Superstitions maybe have just been a curtain to stand behind for a community who felt isolated in the changing nation that they, though distantly, were apart of. Bridget Cleary had clearly embraced the modernizing ways of the new Ireland as she found independence through dress making and hen raising. She earned money from these two occupations and perhaps was resented because of it not only by the community who was not accustomed to women being independent economically but also by her husband.

This change in social statuses of women gives way for the door to open to other interpretations concerning motive of Bridget’s death. The reliance on the idea of ignorance or superstition as cause of her death ” suggests that knowledge is the key: that people who know more facts are safer, but this books’ argument is that the key is power. ” (Bourke, 155. ) Bridget Cleary was an intelligent women who used her time and resources wisely and effectively contributed to a modest income for herself and her husband.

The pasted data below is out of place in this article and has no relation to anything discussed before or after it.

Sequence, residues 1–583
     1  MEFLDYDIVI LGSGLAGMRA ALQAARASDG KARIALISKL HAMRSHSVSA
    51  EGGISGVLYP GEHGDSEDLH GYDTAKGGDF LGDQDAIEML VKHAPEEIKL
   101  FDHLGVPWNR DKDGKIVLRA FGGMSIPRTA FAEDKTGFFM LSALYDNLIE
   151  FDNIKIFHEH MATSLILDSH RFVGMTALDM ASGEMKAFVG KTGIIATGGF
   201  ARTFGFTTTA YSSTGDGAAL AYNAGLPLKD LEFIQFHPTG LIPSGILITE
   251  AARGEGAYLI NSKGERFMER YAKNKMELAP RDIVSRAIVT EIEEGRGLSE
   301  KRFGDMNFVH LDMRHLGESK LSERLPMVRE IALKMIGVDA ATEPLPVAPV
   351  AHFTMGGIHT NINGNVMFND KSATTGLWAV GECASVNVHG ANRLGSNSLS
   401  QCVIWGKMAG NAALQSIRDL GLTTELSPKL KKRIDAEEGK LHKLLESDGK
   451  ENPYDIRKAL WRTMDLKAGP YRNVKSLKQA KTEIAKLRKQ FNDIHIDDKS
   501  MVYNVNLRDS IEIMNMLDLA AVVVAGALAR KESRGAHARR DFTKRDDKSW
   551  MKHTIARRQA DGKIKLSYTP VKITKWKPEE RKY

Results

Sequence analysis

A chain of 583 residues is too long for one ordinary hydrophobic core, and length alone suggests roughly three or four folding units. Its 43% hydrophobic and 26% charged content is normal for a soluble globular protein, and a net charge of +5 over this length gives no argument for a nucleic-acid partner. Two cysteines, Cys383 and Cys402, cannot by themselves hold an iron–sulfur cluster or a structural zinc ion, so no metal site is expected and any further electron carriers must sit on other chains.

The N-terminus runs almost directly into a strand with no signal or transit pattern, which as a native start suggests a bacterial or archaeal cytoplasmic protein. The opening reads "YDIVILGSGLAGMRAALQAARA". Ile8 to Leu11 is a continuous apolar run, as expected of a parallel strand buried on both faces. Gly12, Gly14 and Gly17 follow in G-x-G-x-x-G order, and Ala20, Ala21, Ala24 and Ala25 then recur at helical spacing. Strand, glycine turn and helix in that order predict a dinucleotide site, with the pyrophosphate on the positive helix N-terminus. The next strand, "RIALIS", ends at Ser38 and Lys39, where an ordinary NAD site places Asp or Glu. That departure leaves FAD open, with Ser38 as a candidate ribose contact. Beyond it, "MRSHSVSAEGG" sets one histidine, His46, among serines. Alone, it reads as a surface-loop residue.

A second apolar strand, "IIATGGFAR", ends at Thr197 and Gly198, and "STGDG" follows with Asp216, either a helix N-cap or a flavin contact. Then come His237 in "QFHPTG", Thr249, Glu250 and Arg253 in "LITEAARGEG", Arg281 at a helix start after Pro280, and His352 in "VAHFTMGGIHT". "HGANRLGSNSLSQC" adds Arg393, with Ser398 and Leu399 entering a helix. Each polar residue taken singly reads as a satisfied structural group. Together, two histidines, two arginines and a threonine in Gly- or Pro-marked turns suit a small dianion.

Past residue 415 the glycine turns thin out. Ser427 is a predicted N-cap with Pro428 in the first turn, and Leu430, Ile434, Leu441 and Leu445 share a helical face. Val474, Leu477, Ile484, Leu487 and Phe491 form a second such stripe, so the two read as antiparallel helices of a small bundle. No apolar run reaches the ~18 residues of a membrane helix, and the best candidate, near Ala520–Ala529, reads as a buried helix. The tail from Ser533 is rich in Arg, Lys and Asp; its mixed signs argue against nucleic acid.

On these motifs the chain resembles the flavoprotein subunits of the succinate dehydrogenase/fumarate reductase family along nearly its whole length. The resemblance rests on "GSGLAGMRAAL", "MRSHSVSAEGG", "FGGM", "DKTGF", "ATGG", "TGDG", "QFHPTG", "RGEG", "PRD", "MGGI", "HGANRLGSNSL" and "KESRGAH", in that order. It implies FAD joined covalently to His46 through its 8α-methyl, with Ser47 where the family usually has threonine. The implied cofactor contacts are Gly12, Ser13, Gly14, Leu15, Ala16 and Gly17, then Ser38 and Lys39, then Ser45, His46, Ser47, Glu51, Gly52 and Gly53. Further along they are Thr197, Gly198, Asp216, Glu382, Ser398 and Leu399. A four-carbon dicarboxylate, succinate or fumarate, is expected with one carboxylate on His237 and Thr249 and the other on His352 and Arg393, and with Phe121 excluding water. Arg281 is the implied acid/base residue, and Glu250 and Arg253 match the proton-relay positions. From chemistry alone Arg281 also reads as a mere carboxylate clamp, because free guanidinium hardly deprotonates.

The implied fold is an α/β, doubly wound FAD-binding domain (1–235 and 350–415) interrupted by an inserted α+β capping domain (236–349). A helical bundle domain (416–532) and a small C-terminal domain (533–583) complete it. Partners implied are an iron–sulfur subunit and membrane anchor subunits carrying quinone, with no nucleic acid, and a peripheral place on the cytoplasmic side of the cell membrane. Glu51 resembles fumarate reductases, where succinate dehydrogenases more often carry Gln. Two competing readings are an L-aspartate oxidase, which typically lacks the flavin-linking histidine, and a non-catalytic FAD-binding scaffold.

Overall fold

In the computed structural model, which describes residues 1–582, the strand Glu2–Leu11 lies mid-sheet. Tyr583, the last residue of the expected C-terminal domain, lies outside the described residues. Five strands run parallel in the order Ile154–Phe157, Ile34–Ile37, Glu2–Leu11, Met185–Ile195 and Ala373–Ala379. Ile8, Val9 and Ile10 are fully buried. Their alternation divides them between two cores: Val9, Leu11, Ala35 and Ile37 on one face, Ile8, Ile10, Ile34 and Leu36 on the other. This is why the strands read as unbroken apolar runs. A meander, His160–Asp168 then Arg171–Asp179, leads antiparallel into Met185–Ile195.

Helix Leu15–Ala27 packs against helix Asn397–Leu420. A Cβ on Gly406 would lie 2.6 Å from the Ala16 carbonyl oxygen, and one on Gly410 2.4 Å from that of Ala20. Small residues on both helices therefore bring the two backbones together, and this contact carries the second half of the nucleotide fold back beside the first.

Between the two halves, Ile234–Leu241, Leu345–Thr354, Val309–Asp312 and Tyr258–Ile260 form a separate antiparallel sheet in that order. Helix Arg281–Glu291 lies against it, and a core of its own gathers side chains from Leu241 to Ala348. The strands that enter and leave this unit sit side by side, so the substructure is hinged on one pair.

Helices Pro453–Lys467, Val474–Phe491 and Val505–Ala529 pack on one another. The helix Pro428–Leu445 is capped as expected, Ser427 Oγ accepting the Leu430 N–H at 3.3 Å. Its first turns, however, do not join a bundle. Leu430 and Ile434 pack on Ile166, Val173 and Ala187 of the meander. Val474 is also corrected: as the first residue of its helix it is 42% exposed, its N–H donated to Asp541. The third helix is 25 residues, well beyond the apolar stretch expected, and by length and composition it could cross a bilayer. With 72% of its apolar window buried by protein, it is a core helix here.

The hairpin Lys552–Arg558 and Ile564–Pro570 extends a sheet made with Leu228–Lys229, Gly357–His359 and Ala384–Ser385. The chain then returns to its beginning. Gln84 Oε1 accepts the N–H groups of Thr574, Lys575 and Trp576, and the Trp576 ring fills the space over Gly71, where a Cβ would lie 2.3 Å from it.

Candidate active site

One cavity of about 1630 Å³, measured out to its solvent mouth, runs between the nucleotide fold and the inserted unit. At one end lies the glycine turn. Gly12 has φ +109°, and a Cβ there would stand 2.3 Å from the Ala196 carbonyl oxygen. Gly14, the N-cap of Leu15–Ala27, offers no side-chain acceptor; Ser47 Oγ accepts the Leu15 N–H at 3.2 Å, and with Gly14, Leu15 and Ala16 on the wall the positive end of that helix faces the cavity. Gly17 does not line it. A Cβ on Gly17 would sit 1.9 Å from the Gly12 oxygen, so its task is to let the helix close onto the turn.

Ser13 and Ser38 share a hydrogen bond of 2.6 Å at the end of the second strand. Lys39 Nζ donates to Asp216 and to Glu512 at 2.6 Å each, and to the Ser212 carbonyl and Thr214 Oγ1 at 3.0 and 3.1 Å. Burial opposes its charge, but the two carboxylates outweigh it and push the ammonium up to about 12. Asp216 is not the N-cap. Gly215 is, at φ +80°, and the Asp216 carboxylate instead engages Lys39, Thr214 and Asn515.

In an area where modernization was not seen as a good change but rather perhaps a change that people feared, Bridget as the embodiment of change would thus be feared. The people of Tipperary challenged this change by exerting their communal power against her by reverting back to tradition and superstition. This power over tradition that the community held proved to be very difficult for Ireland’s courts. The Burning of Bridget Cleary is a case that put not only humans on trial, but also the entire political and social system of Ireland, trying the belief system of the people as much as anything else.